Fly! Be free! Best of luck with the Hornets for 79 games per year.
As Ben reported just below, Jerryd Bayless has been traded from the Portland Trail Blazers to the New Orleans Hornets for a conditional first-round draft pick. While the immediate timing surprised many, this move has been coming down the line for a while. As we've stated repeatedly, this was never a question of whether Bayless was a good player. He's at least decent now and could still blossom into a legitimate scoring-type guard at either backcourt position. The question was whether Bayless was the right fit in Portland. The Blazers answered that question today.
Since his rookie campaign Jerryd Bayless has demonstrated the ability to score, if not consistently, at least in impressive torrents. Who will forget his 29 point performance against Phoenix last year, let alone his 31 against the Spurs a week later? Outside of Brandon Roy the Blazers haven't had anyone with such potential to make opponents instantly miserable. When Bayless was driving and drawing fouls and hitting the pull-up he was nigh unstoppable. Sadly, those superstar-level nights were scattered too thinly, even for a second-year player. Once Roy returned from injury last year double digits turned into three, four, or six point offerings. Clearly fielding another backcourt player who needed the ball and shots in order to succeed was not high on Portland's to-do list. Roy had the captain's chair, Andre Miller had more experience. With a full, healthy roster Bayless was going to lose minutes, touches, and shots to both of those players. It didn't end there either. If you're tallying Blazers whose offensive games need to be explored better (as Bayless' certainly does) count in LaMarcus Aldridge, Nicolas Batum, and Greg Oden at minimum. For various reasons, all three of those players came higher on the priority list than Jerryd. This is what the "Free Bayless" crowd missed. Bayless had clearance but he was also taxiing a runway with multiple flights scheduled ahead of him for takeoff. Which of the five players just mentioned should the Blazers pull out of line to accommodate Jerryd's take-off?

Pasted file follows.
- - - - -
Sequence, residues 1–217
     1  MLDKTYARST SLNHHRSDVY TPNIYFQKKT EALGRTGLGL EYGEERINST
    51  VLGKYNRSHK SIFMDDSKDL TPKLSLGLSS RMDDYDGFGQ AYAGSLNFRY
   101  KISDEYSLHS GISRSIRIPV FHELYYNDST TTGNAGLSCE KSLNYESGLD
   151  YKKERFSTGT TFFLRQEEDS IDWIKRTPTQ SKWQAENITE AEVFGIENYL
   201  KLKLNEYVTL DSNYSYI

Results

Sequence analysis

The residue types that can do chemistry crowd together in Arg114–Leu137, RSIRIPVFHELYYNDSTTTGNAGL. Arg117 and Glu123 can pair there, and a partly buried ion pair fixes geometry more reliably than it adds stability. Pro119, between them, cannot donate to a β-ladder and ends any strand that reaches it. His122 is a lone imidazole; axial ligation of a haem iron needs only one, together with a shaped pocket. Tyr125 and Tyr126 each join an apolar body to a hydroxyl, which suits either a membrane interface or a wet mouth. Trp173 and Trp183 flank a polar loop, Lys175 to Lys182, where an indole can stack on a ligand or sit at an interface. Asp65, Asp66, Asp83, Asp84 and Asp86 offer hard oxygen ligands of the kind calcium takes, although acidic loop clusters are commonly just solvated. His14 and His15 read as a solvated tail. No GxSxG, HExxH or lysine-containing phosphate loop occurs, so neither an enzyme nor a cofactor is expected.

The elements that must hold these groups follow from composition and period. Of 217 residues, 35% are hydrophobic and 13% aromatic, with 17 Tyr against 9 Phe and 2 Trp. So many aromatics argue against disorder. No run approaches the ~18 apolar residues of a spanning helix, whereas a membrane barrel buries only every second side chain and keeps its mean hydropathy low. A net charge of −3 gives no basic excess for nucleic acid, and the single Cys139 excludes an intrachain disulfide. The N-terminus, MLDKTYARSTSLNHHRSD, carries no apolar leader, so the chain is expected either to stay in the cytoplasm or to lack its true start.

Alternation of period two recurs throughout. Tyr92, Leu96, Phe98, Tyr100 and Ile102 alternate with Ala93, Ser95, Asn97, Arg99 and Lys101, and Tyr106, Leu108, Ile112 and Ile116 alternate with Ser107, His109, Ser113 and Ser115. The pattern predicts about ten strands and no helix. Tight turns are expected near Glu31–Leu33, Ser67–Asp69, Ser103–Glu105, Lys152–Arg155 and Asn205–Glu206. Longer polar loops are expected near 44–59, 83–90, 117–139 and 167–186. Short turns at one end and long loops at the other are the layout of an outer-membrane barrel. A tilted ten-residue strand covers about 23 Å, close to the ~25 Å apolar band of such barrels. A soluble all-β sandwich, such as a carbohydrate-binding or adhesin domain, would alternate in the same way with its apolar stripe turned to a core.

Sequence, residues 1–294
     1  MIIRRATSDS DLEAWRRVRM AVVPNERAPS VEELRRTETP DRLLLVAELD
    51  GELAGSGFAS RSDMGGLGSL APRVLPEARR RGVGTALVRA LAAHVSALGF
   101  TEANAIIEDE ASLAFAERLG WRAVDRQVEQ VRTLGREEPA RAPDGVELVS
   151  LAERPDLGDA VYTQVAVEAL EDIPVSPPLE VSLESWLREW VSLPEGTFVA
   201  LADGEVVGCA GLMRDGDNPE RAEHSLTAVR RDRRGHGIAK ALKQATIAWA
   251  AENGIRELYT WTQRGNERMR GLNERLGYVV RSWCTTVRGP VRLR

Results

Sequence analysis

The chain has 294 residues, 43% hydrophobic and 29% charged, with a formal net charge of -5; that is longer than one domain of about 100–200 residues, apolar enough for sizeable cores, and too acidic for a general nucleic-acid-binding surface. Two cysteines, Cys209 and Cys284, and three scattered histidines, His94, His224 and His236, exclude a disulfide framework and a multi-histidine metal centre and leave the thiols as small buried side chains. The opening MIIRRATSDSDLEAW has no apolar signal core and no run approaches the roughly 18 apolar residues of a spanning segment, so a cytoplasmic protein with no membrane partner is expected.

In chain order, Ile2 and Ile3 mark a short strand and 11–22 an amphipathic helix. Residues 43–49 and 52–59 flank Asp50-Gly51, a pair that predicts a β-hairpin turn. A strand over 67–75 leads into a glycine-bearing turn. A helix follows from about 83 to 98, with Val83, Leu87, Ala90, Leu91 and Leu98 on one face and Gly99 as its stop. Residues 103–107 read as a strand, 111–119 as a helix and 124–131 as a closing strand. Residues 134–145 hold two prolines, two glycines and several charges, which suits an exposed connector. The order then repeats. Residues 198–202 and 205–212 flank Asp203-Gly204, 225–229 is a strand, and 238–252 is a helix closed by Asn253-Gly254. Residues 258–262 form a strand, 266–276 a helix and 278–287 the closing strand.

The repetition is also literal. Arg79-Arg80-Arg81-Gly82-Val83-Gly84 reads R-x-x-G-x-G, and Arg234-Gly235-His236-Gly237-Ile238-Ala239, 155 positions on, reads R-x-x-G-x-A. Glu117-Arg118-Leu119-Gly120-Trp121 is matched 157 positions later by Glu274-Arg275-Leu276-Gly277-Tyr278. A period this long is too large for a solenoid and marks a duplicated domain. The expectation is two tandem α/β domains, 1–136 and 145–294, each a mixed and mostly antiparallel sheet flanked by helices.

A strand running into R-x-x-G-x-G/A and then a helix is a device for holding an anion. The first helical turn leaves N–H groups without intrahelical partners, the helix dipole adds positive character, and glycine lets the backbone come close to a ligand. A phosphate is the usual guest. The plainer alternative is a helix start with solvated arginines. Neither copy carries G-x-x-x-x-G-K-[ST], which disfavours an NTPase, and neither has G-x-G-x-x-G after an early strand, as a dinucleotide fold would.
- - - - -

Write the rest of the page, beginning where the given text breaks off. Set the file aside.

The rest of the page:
The magic solution to this scoring conundrum was Bayless becoming more of a true point guard. It's no accident that the team forecast all of his minutes to come at that position, nor that they bolstered the off-guard position in spite of his presence. It was no accident that, when pressed, Jerryd himself claimed he wanted to run the point and be thought of as a helmsman rather than a gunner. If he could be penciled in as Portland's long-term point guard Bayless would only need to wait out Andre Miller's contract to claim all of the playing time he could handle. One more year of understudy and the lead would have been his.
Bayless had not been completely comfortable at the point heretofore. Neither had he failed abjectly. He went through most of the bumps and bruises any converted point guard encounters. At first he only saw the rim. Then he only saw the floor when he was on the drive. He was never smooth with the simple entry pass. He was only brilliant on the drive. He didn't like the catch-and-shoot. Throughout last season he worked on those skills. He became adequate, at times quite good, with his stand-still jumper. He started discovering more angles off of those same drives, recognizing cutters and opportunities. Much of the time, though, he still looked lost, or at least wasted (in terms of his skills) when playing point. He also had trouble defending without fouling, his impressive body becoming a liability as much as an asset.